For the past three seasons, CSI student-athlete and baseball pitcher James Mardikos has called “the mound” his home at the CSI Baseball Complex. The southpaw hurler has made a living making clutch pitching performances for the Dolphins, enjoying a pair of CUNYAC Championships in the process. He’s also a force in the classroom, where the Communications major focuses in Journalism and is due for graduation at the close of the Dolphins’ 2011 season.
But what exactly does it take to be a CSI Dolphin? What are the rigors associated with being a national-caliber student and athlete? Mardikos tells all now in a new CSI Athletics feature called “Mardy on the Mound” a new web log chronicling a year in the life of the CSI baseball senior, as they strive for national prominence. Join James and his teammates through the grinds of preseason workouts, fall-ball, classroom commitments, and finally…Opening Day and defending their 2010 CUNYAC Championship! Mardy, as known to his teammates, will make periodical contributions to his blog, giving insiders a taste of what Dolphins baseball is all about.
This week, James focuses on spring training, only problem is, spring hasn’t arrived yet, as snow, ice, and brutal chill forces the team to concentrate their practices indoors:
Gymophobiaitus (noun) – when a typically outdoor played sports team is forced into confinement of a building or gymnasium due to outrageous weather conditions.
Ok that’s obviously not at all a word, but I’m going to make it one, because it is around this time for the past four years where the CSI Dolphins baseball team has fell victim to this just brutal disease.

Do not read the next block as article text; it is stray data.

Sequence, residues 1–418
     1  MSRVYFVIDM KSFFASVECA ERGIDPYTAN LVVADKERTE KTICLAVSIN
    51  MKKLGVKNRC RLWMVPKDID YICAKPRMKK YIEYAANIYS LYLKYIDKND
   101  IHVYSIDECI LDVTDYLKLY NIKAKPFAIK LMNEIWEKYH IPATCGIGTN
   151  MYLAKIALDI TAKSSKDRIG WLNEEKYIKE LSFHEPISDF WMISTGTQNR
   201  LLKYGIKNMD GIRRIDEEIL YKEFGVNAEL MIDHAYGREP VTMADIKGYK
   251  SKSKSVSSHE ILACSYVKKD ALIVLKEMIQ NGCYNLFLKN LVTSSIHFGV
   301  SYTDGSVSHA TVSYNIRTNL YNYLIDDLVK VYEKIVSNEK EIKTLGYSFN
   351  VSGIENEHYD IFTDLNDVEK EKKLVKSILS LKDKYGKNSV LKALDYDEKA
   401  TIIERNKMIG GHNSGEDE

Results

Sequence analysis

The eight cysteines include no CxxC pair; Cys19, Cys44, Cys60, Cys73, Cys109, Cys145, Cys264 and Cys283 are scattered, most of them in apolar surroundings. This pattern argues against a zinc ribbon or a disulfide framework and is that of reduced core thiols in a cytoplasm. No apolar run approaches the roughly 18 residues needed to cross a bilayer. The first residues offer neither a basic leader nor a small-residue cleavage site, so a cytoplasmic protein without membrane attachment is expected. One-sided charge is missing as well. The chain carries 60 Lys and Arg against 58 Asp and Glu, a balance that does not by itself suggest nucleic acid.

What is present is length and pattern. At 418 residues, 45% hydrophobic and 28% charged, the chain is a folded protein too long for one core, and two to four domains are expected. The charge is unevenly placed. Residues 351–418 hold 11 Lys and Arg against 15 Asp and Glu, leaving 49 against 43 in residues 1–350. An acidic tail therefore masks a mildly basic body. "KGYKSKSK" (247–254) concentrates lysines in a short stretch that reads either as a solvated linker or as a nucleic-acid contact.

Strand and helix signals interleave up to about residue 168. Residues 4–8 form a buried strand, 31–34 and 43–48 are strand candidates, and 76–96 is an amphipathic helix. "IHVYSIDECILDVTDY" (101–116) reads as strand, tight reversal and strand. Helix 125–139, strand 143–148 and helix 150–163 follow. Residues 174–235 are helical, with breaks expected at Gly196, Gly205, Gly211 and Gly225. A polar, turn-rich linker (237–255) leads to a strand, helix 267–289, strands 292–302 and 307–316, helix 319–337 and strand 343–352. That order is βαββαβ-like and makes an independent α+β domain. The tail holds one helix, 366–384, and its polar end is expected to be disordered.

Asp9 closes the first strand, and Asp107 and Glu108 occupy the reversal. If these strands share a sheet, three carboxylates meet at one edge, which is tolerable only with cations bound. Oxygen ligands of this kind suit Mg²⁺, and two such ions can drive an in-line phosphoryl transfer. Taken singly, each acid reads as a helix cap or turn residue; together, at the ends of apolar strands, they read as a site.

It has happened the past four years that I’ve been here, where we begin our official practices inside the two basketball gymnasiums, and honestly at first it’s tolerable to be in there because you can’t help but just be happy to be back on that grind, throwing, hitting, and seeing everyone again.
Now, with the Super Bowl over everyone of course is looking forward to baseball because spring training begins in a couple weeks, which in essence means spring, which then brings on the summer.
However, it is like clockwork every year about two weeks into our practices that you can’t help but notice that it’s still 20 degrees out and the snow isn’t stopping anytime soon, which means getting out onto the field is looking bleak, and the continued confinement inside will continue.
So why is gymophobiaitus such a brutal disease?
I remember last season we were actually lucky enough to get outside pretty early in the season only to have late March snow storms force us back inside. First Baseman Sal Todaro said by the third day of re-confinement that he was actually getting headaches from being back inside the gym.
Pitcher Jeff Pontebbi even muttered something along the lines of that the other day during a team stretch.
When I asked Outfielder Joe Cassano why he hates being in the gym he said, “what don’t I hate about it?”
I find the surroundings bother me after a while also. It’s like when you have this background on your computer for a long time and finally you change it to something else. It just feels better on the eyes to finally see something different.
Rest assured however, even though we’ve been stuck inside I have never seen the team work this hard. We’re not letting any space, or time go to waste. It’s an extension of our Head Coach Mike Mauro who tells us every time we break for stretches that, “the smaller the area we have to work with, the harder we have to work”.
20 more days till our season opener in South Carolina… CAN’T WAIT! (Bart Scott voice)